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Around the time Natalie Portman filmed Vox Lux, reports surfaced of an active shooter at Marjory Stoneman Douglas High School in Parkland, Florida. Days before the film’s screening at the American Film Institute Festival, 13 people died in a similar massacre at a bar in Thousand Oaks, California. Director Brady Corbet’s music drama centers on an American pop star who survives a school shooting as a young girl.
“Unfortunately, it’s every week, now in America, so it’s not hard to predict — it was topical while we were shooting,” Portman told The Hollywood Reporter on the AFI Festival carpet Friday. “Parkland happened while we were shooting, or right before, and so it felt topical when we were shooting, and it feels topical now, and I appreciated that Brady didn’t try and exploit any real-life situation. It’s really just referencing the all-too-frequent occurrence of these kinds of shootings.”
Many advised Corbet not to portray gun violence in Vox Lux on the assumption that no one would want to release it because of the risk of a real event that would drive people away from the cinema. But for Corbet, the recent uptick in deadly events justified the film’s onscreen exploration of tragedy and trauma.
“We’ve had almost as many mass shootings this year as there have been days in the year,” Corbet told THR. “I think people are ready to think about this and talk about this more than ever — especially this year. It’s something that we should be dealing with head-on.”
He added: “We shouldn’t be evasive about it. I tried to make the sequence in the film very economical. The violence in the film — there’s very little onscreen violence, but it is disturbing, because the only way you can effectively portray that and to do it some justice is to make it quite brutal.”
Like some postulated, a related tragedy did occur at the Borderline Bar and Grill in the days leading up to the festival. And the California valley community was on everyone’s minds at the screening.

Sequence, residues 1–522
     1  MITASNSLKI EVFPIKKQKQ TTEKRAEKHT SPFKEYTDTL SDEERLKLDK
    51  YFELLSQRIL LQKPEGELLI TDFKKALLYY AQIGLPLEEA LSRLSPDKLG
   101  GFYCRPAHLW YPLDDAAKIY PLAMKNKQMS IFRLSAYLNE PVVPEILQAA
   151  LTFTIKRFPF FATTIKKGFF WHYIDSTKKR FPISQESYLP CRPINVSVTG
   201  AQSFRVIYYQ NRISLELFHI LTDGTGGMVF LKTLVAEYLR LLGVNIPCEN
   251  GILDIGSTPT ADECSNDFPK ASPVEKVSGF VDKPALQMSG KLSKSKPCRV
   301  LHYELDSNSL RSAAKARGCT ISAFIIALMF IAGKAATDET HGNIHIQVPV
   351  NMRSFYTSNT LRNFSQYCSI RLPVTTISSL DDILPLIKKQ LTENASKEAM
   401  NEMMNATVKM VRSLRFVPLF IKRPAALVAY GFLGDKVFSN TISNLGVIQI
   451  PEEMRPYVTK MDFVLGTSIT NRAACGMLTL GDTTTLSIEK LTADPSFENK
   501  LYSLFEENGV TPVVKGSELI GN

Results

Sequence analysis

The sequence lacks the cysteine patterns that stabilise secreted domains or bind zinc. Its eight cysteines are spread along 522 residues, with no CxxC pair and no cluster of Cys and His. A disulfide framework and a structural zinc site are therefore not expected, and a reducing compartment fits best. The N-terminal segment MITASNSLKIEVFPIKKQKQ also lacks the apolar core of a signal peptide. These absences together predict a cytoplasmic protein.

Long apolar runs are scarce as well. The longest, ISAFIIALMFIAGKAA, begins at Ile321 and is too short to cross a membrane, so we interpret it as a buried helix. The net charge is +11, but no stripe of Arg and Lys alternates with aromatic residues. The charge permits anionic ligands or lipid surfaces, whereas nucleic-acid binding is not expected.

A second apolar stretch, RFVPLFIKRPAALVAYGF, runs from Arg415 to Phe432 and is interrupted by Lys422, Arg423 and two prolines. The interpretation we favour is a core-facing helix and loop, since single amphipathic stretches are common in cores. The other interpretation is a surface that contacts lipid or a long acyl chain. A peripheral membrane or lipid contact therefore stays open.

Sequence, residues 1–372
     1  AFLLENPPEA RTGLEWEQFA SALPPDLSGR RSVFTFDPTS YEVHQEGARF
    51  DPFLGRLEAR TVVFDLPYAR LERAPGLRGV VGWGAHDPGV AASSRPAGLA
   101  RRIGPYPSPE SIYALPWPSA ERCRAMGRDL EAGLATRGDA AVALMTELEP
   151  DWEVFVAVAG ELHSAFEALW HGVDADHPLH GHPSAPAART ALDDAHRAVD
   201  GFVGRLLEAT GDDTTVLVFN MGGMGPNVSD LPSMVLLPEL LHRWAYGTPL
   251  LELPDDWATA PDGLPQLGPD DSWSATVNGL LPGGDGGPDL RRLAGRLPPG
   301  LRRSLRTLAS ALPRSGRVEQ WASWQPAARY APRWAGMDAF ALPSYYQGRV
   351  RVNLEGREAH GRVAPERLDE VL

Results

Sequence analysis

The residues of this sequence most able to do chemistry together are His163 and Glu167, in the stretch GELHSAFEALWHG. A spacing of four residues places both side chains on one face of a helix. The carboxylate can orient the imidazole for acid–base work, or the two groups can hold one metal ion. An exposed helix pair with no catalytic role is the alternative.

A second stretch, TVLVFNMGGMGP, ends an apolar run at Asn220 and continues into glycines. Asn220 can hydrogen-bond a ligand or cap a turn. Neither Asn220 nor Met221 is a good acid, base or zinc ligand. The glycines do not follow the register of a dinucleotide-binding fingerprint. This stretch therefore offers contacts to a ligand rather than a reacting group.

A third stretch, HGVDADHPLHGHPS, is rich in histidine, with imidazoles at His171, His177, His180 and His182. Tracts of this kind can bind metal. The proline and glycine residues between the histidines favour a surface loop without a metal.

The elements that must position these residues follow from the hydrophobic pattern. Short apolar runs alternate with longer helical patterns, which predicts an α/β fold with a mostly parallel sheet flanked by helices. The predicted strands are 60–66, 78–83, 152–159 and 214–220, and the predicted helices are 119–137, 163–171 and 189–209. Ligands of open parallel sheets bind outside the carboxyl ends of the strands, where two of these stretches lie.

“I spent a lot of time in Thousand Oaks growing up,” Corbet said. “This hits close to home, and I’m devastated for — as a father — the parents that are waking up to a nightmare this morning, and tomorrow, and for the rest of their lives. It’s so unnecessary.”
Inside Hollywood’s Egyptian Theater, Corbet and Portman offered their support to survivors of both the Borderline shooting and the recent wildfires in Ventura County. Corbet even granted audience members permission to leave before the screening began.
“Our thoughts are with everyone in Thousand Oaks,” he said. “That community has been through a lot in the last 48 hours. If you’re feeling vulnerable and you want to come and see this movie another time, don’t worry about it.”
Portman followed suit and expressed her gratitude for the full house during a dark period for California. “It’s been a rough few days for everyone in the community, so thank you for being here, and I hope this evening provides some magic,” she said.
During a panel discussion after the screening, the two continued to discuss the film’s salient theme of violence and its role in the movie musical’s pop landscape.
“The idea wasn’t so much about the link between mass shootings and pop music, because there is no link, but just the desire to be iconic,” Corbet said. “The 20th century and its relationship to violence was about [the] banality of evil, and in the 21st century it’s about the pageantry of evil and about the spectacle of evil. So I was thinking about the nature of spectacle in both positive and very negative ways.”
Vox Lux, starring Portman, Jude Law, and Raffey Cassidy, hits theaters Dec. 7.
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